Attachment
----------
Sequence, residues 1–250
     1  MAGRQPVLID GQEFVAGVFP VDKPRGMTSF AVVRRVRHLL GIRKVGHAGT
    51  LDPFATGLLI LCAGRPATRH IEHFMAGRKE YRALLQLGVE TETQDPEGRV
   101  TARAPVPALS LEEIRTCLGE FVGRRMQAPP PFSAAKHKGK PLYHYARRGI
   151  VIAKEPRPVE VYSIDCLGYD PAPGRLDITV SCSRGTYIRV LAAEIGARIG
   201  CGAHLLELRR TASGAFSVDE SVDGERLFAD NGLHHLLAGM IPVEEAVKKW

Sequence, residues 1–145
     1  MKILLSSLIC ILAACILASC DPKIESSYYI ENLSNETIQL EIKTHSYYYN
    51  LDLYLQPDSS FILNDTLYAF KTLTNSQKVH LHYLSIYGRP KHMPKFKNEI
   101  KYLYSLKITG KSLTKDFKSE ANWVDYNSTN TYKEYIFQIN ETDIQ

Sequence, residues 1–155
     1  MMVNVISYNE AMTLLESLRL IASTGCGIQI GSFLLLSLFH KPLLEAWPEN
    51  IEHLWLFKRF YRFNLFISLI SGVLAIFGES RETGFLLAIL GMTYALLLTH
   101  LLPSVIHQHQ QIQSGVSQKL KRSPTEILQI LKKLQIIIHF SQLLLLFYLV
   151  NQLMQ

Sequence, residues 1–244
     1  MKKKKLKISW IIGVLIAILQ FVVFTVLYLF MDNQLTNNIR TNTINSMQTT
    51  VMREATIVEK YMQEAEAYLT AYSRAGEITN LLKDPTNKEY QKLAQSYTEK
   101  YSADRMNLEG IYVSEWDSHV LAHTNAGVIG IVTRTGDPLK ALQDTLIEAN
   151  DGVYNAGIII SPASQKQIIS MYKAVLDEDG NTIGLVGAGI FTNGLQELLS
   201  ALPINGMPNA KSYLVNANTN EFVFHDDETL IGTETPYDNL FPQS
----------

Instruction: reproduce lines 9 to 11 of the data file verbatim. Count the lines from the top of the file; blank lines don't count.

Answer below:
    51  LDLYLQPDSS FILNDTLYAF KTLTNSQKVH LHYLSIYGRP KHMPKFKNEI
   101  KYLYSLKITG KSLTKDFKSE ANWVDYNSTN TYKEYIFQIN ETDIQ

Sequence, residues 1–155